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Boston Scientific To Pay $30M For Selling Defective Defibrillators

On Behalf of | Nov 15, 2013 | Defective Medical Devices


Boston Scientific and its child company, Guidant, recently settled a lawsuit with the Department of Justice (DOJ) for knowingly selling defective defibrillators. Guidant must pay $30 million.

According to the government, Guidant discovered that two of its defibrillator models contained defects that left them at risk of arcing. Instead of destroying its defective inventory and notifying affected patients, the manufacturer sold off its remaining products and quietly fixed the design problem.

Arcing occurs when the device’s medical shock isn’t administered to the patient’s heart as intended and sends the electrical impulse back into the device, causing it to short-circuit. The malfunction can have fatal consequences for patients implanted with a Guidant defibrillator, as the device may fail when they need its lifesaving capabilities.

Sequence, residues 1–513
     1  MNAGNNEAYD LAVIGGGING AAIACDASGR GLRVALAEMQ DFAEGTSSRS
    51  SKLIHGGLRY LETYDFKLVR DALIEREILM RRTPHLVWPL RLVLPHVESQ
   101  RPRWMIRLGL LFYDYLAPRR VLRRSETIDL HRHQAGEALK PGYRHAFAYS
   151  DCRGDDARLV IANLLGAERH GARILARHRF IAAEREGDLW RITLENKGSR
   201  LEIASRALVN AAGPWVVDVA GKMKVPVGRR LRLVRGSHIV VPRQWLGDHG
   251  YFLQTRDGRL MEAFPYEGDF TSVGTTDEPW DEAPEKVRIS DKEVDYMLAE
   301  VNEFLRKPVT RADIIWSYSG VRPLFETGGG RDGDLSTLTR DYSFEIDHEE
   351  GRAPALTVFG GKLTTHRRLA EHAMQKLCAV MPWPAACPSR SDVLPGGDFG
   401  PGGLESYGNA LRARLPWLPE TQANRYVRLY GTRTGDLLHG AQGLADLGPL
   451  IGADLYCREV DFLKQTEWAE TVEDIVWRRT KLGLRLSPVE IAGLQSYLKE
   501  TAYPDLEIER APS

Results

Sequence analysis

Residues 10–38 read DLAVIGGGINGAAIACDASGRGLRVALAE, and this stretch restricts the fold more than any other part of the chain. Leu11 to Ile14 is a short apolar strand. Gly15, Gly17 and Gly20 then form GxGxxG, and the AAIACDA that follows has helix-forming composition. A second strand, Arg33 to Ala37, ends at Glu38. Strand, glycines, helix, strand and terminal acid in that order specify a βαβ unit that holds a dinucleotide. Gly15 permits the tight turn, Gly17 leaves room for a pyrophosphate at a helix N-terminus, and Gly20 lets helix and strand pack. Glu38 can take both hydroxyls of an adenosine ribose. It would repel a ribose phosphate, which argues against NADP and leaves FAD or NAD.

Shockingly, Guidant’s abhorrent behavior is fairly common in the pharmaceutical and medical device industry. Boards of Directors and CEOs typically make their decisions to please investors, or at least avoid causing stock prices to plummet. Patient safety is of much less priority than profits.

Product liability lawsuits allow victims to hold manufacturers liable for the harm they needlessly cause. If a drug or device has impacted your family, an experienced wrongful death attorney can help you explore your legal options.

McKeen & Associates P.C., is an award-winning injury law firm that devotes much of its practice to helping victims of medical and pharmaceutical negligence. Based in Detroit, McKeen & Associates handles claims throughout the U.S.

Source: National Law Review, “Boston Scientific To Pay $30 Million In Healthcare Fraud Case,” Oct. 24, 2013


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